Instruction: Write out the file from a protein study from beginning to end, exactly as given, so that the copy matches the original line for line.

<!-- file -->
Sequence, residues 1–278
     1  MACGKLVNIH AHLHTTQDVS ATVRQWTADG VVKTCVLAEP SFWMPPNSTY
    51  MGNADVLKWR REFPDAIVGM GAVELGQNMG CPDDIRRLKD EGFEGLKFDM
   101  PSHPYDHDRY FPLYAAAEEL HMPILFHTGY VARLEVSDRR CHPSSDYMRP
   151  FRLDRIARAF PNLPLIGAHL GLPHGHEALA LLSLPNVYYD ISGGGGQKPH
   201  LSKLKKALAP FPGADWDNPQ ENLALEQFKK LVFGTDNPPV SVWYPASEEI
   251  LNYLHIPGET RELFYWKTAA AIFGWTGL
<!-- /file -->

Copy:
Sequence, residues 1–278
     1  MACGKLVNIH AHLHTTQDVS ATVRQWTADG VVKTCVLAEP SFWMPPNSTY
    51  MGNADVLKWR REFPDAIVGM GAVELGQNMG CPDDIRRLKD EGFEGLKFDM
   101  PSHPYDHDRY FPLYAAAEEL HMPILFHTGY VARLEVSDRR CHPSSDYMRP
   151  FRLDRIARAF PNLPLIGAHL GLPHGHEALA LLSLPNVYYD ISGGGGQKPH
   201  LSKLKKALAP FPGADWDNPQ ENLALEQFKK LVFGTDNPPV SVWYPASEEI
   251  LNYLHIPGET RELFYWKTAA AIFGWTGL